After groups return. ask them to discuss their findings among themselves. Ask each group to develop a list of 5 to 10 assets they think are most important to the development of the community. (10 minutes) 10. Give participants a brief overview of the activity. and report back to the larger group at the end of the meeting. (5 minutes) 4. Discuss the assets that groups had in common. Distribute the activity materials to participants. Visit each group during the discussion period to monitor its progress and answer questions. Be sure to explain that each group member should identify at least one item. (20-30 minutes) 7. Variations Divide participants into groups .and to choose a team leader who will keep track of time. Have group leaders take their teams out into the community to identify assets. Record the lists on a chalkboard or dry-erase board. why were these items chosen? (30 minutes) 11. Invite group leaders to briefly share their lists and explain choices. (2 minutes) 6. Explain that they will be walking around the community to identify items they think are important to the community. Collect all the lists and keep them for reference when evaluating your asset inventory. Why were these items considered important? Did any groups identify different items? If yes. make sure the group stays on task. provide examples of community assets. If necessary. (10 minutes) 8. (15 minutes) 9. (5 minutes) 5.
only women. Community Assessment Tools 3 .by gender. Or hold separate asset inventory sessions where you invite only men. or profession to reveal differences in the way different groups view the community. you might skip the walk around the community. or only young people. age. If you re short on time.
Community mapping can be conducted at both informal community gatherings and at meetings to which community stakeholders are invited. Community mapping session plan This session plan for conducting a community mapping activity can be adapted to fit your club s specific needs. Community Mapping Community mapping is used to reveal people s different perspectives about a community. individuals or groups of participants draw a map of their community. Compare perceptions of the importance of various community resources.3. Because community mapping is most effective with small groups of people perhaps no more than 20 participants you may need to conduct multiple . It requires few resources and little time and can be adapted for participants of virtually any age or educational background. Identify participant needs. Objectives Identify participant use and access to community resources. Time 1-1½ hours Preparation Select a meeting location and time that are convenient for people in the community. while another facilitator records the discussion. In this facilitated activity. A facilitator leads a discussion about the maps. marking certain points of importance and noting how often they visit these places.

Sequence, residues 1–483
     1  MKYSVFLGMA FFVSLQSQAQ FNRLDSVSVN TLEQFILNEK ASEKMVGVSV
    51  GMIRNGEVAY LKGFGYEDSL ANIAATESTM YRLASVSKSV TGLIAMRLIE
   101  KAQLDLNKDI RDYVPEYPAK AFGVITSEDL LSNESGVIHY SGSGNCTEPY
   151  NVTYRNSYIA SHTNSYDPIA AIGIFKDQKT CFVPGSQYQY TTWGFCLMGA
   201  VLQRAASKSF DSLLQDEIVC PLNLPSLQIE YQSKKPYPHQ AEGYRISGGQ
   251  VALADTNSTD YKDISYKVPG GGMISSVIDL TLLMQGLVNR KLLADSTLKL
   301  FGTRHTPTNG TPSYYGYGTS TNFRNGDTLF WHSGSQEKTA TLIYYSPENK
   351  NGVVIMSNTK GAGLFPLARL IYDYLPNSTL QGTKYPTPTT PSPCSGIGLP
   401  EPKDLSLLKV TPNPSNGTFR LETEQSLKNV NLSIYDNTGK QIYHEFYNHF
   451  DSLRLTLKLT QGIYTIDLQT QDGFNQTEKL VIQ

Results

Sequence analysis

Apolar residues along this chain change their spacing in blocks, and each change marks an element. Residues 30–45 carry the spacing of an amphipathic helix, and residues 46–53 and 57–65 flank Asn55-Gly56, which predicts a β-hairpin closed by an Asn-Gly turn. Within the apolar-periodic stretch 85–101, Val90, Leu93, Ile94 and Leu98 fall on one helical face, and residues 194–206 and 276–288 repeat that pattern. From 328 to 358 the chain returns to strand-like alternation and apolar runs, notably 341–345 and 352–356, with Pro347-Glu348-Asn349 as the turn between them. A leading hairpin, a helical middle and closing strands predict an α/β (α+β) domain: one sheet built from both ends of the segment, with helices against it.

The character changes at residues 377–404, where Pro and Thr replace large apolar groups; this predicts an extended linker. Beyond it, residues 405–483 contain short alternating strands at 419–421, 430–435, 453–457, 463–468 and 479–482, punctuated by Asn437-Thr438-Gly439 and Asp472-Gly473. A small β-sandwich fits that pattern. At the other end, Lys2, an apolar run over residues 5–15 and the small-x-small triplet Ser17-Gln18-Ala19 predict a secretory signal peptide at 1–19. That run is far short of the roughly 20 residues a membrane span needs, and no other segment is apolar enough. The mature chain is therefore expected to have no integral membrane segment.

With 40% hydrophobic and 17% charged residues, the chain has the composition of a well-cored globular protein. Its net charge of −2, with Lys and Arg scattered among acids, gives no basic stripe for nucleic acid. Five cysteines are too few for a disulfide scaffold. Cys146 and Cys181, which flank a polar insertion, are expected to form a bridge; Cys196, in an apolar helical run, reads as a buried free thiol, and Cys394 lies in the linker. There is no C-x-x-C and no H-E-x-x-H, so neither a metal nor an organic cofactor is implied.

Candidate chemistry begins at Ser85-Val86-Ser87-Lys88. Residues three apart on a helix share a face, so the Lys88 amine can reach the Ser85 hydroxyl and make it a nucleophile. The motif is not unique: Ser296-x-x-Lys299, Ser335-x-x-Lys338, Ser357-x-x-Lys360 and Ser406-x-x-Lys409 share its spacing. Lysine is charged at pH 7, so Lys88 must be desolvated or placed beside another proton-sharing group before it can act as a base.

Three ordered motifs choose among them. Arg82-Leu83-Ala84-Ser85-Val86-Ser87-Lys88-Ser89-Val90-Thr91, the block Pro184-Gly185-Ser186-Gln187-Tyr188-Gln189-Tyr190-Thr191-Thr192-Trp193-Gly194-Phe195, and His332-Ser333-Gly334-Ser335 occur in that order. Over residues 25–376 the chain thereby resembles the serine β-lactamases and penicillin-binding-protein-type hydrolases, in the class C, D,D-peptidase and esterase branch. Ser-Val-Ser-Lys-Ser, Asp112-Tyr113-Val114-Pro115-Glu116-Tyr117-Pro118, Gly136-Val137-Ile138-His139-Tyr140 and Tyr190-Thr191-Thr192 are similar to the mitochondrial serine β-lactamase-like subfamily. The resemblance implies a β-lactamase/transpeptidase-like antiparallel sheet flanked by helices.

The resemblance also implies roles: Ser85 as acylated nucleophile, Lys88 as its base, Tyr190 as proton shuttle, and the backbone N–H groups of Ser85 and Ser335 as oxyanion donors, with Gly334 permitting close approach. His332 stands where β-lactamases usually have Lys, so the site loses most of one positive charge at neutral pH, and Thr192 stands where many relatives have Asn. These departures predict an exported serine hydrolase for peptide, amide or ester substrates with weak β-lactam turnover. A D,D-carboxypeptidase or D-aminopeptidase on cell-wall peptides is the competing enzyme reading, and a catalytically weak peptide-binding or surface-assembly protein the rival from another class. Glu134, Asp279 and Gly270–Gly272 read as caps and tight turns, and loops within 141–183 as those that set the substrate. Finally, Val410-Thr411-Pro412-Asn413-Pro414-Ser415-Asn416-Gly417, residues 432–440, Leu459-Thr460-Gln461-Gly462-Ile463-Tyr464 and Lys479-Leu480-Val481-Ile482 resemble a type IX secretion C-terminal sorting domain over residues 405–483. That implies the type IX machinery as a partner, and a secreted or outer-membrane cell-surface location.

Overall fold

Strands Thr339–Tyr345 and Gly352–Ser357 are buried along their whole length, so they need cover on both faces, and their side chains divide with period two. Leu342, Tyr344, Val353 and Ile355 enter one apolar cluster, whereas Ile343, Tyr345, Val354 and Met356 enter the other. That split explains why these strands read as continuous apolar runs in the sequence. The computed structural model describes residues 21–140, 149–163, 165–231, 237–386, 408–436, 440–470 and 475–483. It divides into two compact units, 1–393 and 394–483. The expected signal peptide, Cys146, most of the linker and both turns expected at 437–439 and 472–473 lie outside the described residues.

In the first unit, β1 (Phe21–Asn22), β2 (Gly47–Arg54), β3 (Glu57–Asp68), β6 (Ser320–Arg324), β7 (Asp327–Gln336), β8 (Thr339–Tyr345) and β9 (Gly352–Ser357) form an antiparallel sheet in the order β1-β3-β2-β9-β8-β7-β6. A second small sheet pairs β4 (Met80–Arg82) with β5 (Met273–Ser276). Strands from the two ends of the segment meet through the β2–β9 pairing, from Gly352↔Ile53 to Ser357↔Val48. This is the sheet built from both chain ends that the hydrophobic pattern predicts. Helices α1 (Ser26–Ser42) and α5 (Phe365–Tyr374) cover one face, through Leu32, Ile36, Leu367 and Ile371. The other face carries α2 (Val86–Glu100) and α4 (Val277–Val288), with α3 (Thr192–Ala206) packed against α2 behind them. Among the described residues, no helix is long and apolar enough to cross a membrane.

Have group members introduce . either randomly or by age.sessions for different groups in the community. (2 minutes) 3. Materials Large sheets of flip-chart paper or poster-size newsprint Markers in a variety of colors Tape Sticky notes or small squares of paper Procedures 1. Divide participants into groups of four to six. (5 minutes) 2. gender. or profession. Introduce yourself and explain the purpose of the session. Make sure you have the materials you need and have invited enough people to participate.